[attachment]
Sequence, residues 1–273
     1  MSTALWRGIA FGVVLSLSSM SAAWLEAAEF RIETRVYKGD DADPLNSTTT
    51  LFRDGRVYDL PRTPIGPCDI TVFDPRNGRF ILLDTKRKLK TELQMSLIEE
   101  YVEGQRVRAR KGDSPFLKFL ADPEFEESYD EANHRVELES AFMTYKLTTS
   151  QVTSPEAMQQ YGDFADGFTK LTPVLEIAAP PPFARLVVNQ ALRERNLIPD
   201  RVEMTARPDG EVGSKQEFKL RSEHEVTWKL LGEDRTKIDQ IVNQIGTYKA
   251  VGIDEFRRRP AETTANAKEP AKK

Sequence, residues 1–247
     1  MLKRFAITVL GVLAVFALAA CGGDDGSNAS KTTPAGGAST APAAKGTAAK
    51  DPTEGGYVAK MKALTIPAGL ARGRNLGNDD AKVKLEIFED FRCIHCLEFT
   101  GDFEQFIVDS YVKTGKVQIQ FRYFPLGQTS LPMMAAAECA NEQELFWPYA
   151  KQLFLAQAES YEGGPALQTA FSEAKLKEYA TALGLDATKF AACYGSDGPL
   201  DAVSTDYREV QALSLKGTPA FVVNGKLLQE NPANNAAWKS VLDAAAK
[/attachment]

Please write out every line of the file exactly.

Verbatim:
Sequence, residues 1–273
     1  MSTALWRGIA FGVVLSLSSM SAAWLEAAEF RIETRVYKGD DADPLNSTTT
    51  LFRDGRVYDL PRTPIGPCDI TVFDPRNGRF ILLDTKRKLK TELQMSLIEE
   101  YVEGQRVRAR KGDSPFLKFL ADPEFEESYD EANHRVELES AFMTYKLTTS
   151  QVTSPEAMQQ YGDFADGFTK LTPVLEIAAP PPFARLVVNQ ALRERNLIPD
   201  RVEMTARPDG EVGSKQEFKL RSEHEVTWKL LGEDRTKIDQ IVNQIGTYKA
   251  VGIDEFRRRP AETTANAKEP AKK

Sequence, residues 1–247
     1  MLKRFAITVL GVLAVFALAA CGGDDGSNAS KTTPAGGAST APAAKGTAAK
    51  DPTEGGYVAK MKALTIPAGL ARGRNLGNDD AKVKLEIFED FRCIHCLEFT
   101  GDFEQFIVDS YVKTGKVQIQ FRYFPLGQTS LPMMAAAECA NEQELFWPYA
   151  KQLFLAQAES YEGGPALQTA FSEAKLKEYA TALGLDATKF AACYGSDGPL
   201  DAVSTDYREV QALSLKGTPA FVVNGKLLQE NPANNAAWKS VLDAAAK